By Susan Gonsalves, Contributing Writer
SOUTHBOROUGH – Survey data presented to the Southborough Board of Selectmen last week gaged resident opinions for and against a proposed noise bylaw in town.
Discussed as a measure to regulate excessive sound, the bylaw would have to go before Town Meeting and pass in order to take effect.
Southborough has convened a Noise Bylaw Committee to consider all this. That committee, in turn, has held a public forum in addition to conducting this survey.
Residents weigh in on bylaw through survey
A total of 473 respondents took the Noise Bylaw Committee’s survey, rating how much noise from certain activities disturbed or annoyed them.
Half of the respondents strongly or somewhat agreed that a noise bylaw is needed in Southborough.
Thirty-seven percent strongly or somewhat disagreed that it is a necessity. The remaining answers expressed neutral opinions.
Within the survey, thirty-two percent of respondents noted that noise from landscaping activities bothered them either “moderately,” “very much” or “extremely.”
Leaf blowers are a noise problem for 42% of respondents rating within those same three levels of annoyance.
Also cited as troublesome for 32% of respondents are vehicles/motorcycles. Several written comments referred to speeding cars, trucks idling, traffic noises and even the sounds of airplanes and helicopters.
Nearly half of respondents, 48%, said they are awakened prematurely by noise “occasionally” or “often.”
More than half of respondents, 56%, said they are not in favor of setting separate work hours for homeowners and paid contractors as a restriction.
Fifty-nine percent are in favor of having the bylaw restrictions be based on intensity of noise as well as level and volume of noise.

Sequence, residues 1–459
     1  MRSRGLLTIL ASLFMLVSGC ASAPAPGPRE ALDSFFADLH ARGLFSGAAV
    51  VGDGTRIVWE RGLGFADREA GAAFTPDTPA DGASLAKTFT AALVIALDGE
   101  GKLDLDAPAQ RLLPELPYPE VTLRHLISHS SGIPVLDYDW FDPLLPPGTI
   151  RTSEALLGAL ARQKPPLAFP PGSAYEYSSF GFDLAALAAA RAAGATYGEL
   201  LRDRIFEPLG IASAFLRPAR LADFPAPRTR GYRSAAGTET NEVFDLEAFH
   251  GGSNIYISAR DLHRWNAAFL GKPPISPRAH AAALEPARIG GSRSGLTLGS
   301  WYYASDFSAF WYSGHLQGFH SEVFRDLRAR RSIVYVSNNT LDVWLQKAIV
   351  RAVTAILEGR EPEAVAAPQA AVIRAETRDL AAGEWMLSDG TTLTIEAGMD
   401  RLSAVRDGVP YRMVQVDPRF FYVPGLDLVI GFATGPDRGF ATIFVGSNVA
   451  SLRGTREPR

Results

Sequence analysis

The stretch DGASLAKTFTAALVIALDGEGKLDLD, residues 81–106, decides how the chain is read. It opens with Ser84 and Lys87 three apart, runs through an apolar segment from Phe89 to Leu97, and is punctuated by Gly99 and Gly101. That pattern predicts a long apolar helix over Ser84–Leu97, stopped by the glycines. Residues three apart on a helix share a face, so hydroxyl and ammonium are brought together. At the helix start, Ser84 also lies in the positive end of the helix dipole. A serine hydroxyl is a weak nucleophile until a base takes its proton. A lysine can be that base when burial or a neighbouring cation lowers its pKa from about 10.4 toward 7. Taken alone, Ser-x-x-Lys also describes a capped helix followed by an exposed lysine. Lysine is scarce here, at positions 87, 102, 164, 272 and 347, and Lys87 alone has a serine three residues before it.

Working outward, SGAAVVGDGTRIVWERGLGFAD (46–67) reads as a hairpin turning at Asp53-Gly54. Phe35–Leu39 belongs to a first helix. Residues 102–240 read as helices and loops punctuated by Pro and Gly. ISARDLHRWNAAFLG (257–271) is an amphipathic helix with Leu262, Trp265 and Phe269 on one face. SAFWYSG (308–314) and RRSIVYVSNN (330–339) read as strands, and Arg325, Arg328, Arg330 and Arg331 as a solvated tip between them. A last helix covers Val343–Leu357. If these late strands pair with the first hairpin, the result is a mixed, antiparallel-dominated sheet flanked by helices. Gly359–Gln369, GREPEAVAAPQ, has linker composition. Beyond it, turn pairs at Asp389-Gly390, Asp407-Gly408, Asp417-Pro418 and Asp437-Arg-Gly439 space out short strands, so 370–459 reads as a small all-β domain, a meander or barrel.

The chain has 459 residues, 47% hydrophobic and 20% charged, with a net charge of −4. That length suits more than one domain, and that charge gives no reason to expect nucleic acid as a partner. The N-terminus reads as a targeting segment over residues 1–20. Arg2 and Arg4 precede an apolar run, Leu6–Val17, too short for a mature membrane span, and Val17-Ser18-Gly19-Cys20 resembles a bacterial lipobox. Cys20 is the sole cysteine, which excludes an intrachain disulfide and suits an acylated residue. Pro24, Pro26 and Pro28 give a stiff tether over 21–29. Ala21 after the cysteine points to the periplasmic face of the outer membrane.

The survey noted that work on I-495 would be exempt from the bylaw as the highway is state-controlled.
However, a few residents suggested the construction of sound barriers and/or intervention by legislators to address the noise.
Selectman notes need to reach ‘the folks in the middle’
In all, the survey summary totaled 54 pages, highlighting responses along with numerous comments.
Selectman Martin Healey said there are similar-sized contingents strongly opposed and strongly in favor of a bylaw.
“You are taking two extreme views into consideration,” he said.
He said it is “the folks in the middle, 10,000 people who will have to live with this thing,” who need to be reached in continuing discussions on this topic.
Committee to continue work ahead of Town Meeting
The Southborough Board of Selectmen agreed at its Jan. 18 meeting to regard this survey as a good substitute for a public forum.
Peter Goodney, representing the Noise Bylaw Committee, noted that his group’s charge called for three public sessions.
One forum was held and attracted 12 residents. Another will take place once a draft proposal is completed, Goodney said.
Next steps include work by the Noise Bylaw Committee to put together that proposal. The committee will also create informational materials in the run up to Town Meeting.
Town Administrator Mark Purple noted the deadline for Town Meeting warrant articles is still set at the end of February and will remain fixed to that date even though the March 26 meeting is expected to be postponed until later in the spring due to concerns about COVID-19.